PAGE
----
Beyond Brexit – will the UK be missed if it leaves the EU?
On November 1, 1993 in the Dutch city of Maastricht, the European Union (EU) was established in its current form as an economic and political union of 28 countries that could operate as a single market. Offering the free movement of goods, capital, services and people between member states, its creation and the corresponding increase in trade and general economic activity transformed the EU into a major trading power. But almost 23 years later, on 23 June 2016 the citizens of the United Kingdom (UK) will vote in a popular referendum to end the national debate on their EU membership and consequently, their future relationship with their most important trading partner.
This referendum was the cornerstone of David Cameron’s re-election as UK Prime Minister and over the last few years, polls have indicated oscillating public opinion – the effects now being felt over 15,000 kilometres away where Australian shares are slumping with investors selling out across major sectors1 . This is largely based upon global fears that the UK may exit the EU (dubbed the ‘Brexit’) and augmented by uncertainty over when the US Federal Reserve will raise its funds rates. But right now it is the 23 June vote that has everyone talking. The EU is Australia’s largest source of foreign direct investment and our second largest trading partner after China2, and an exit will most certainly impact the millions of Australians who live, work, study, operate businesses in or travel to the UK and Europe.
If the polls are close and it is unlikely to happen, what is fuelling the debate?
Against the global environment of depressed economic growth and unconventional monetary policy, the continual financial and economic crises of Europe and apparent failures of the migration policies (to which most EU members subscribe) are core to the public debate. In particular, the question of the EU-UK trade relationship has taken centre stage, and given 47 per cent3 of British goods exports are earmarked for the EU market, this relationship should not be understated.
The enshrined free-trade relationship with the EU yields significant economic benefit for the UK. The Organisation for Economic Co-operation and Development estimates a 2.7–7.7 per cent loss to UK GDP4 if they withdraw from the EU while the UK’s own Treasury models actually predict they will be 6.2 per cent worse off5. The UK is already among the least regulated economies inside or out of the EU and major financial decision-makers believe the benefits of an unregulated EU market access outweighs the monetary cost. On the other hand, opponents cite the underestimation of the ability of the UK to negotiate new bilateral trade agreements with current trading partners. Keeping in mind the average accord struck between the EU and its major trading partners has taken six years to collate and implement, there is risk of trade revenue being hampered by loss of access to the EU single market.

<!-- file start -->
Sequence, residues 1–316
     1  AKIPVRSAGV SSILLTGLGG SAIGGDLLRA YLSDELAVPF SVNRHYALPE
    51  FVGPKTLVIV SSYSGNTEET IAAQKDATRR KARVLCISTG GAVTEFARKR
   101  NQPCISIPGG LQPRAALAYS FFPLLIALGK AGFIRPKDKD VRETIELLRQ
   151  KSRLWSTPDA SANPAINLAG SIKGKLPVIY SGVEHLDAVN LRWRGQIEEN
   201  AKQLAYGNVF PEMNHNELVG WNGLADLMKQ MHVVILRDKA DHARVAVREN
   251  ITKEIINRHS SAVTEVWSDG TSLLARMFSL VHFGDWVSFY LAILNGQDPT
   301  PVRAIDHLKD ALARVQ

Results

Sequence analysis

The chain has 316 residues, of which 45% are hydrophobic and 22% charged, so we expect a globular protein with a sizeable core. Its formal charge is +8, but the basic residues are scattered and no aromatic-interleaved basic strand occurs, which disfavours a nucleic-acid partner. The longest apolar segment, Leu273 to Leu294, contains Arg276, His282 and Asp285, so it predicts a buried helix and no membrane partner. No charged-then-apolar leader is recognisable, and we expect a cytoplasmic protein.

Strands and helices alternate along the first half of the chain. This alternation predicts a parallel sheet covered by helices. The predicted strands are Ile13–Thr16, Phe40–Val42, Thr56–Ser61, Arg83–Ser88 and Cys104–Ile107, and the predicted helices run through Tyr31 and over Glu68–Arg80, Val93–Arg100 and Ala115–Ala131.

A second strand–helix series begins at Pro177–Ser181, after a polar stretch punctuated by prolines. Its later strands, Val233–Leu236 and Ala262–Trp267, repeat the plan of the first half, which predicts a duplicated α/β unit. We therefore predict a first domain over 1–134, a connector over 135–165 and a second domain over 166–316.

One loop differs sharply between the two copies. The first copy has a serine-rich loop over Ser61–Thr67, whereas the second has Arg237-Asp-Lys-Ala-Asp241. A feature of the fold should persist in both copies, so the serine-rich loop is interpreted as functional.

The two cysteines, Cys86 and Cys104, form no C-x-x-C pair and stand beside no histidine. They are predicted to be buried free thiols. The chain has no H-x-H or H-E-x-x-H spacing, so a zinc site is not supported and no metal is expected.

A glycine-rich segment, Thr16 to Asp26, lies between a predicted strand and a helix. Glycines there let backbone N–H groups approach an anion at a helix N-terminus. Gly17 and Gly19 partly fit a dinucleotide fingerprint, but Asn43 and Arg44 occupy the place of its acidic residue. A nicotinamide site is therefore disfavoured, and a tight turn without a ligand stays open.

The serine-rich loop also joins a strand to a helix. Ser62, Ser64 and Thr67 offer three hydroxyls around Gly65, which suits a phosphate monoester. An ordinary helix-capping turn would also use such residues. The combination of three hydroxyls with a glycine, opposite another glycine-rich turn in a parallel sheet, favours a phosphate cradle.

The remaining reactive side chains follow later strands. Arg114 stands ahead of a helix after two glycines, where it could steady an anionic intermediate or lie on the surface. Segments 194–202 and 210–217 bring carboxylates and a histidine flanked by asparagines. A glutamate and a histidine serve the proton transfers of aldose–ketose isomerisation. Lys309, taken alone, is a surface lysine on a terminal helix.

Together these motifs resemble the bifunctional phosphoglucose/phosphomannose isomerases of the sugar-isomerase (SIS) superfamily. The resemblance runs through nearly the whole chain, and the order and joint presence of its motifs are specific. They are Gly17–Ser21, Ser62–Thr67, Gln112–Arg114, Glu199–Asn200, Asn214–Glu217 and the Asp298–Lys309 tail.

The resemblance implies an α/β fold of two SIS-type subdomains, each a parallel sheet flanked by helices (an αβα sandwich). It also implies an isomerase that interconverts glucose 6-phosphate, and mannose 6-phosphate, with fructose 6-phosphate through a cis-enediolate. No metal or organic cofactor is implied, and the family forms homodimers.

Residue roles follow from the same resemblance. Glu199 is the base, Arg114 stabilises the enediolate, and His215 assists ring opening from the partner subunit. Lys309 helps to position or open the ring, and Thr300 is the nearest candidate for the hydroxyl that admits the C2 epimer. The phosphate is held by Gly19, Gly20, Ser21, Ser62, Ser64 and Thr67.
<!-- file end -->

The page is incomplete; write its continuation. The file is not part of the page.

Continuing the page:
But no country has ever withdrawn from the EU, so what could happen?
A Brexit could set a precedent for exit talks by other members struggling in an already unstable union weighed down by a trio of major crises: Greek debt, Italian banking and displaced migrants seeking asylum. An unravelling of the EU could also make the US look more to Asia, increasing Australia’s competition for exports in the region, however it could also in fact increase trade and provide more opportunity.
The Brexit is not the only challenge on the EU horizon. Sluggish economic growth along with immigration and the free movement of people across Europe – controversially augmented by the Syrian refugee crisis – is also being felt in Australia. But the immediate effects of a Brexit would not be a localised economic issue and may permeate across the EU as other members seek to regain autonomy from the mandate of the monetary union.
It is important to note that the referendum is advisory only, so even if next week the citizens of the UK vote to leave the EU, the government has the final say whether to implement. If they do, then significant structural reforms will be required to stabilise the economy, the currency and markets. Capital inflows may remain subdued, placing pressure on the pound over the medium term, while the potential for punitive trade barriers between larger EU economies and the UK may present significant hurdles to future economic growth. Further, there is the potential of a harsh reaction from the EU in the case that the UK does leave as a way to discourage exit attempts by other EU members. All of these issues would undoubtedly contribute to global market uncertainty and instability within the region and may perpetuate slower economic growth worldwide.
This insight may contain general financial advice and was prepared without taking into account your objectives, financial situation or needs. Before acting on any advice, you should consider whether the advice is appropriate to you. Seeking professional personal advice is always highly recommended. Any forward looking statements are based on current expectations at the time of writing. No assurance can be given that such expectations will prove to be correct.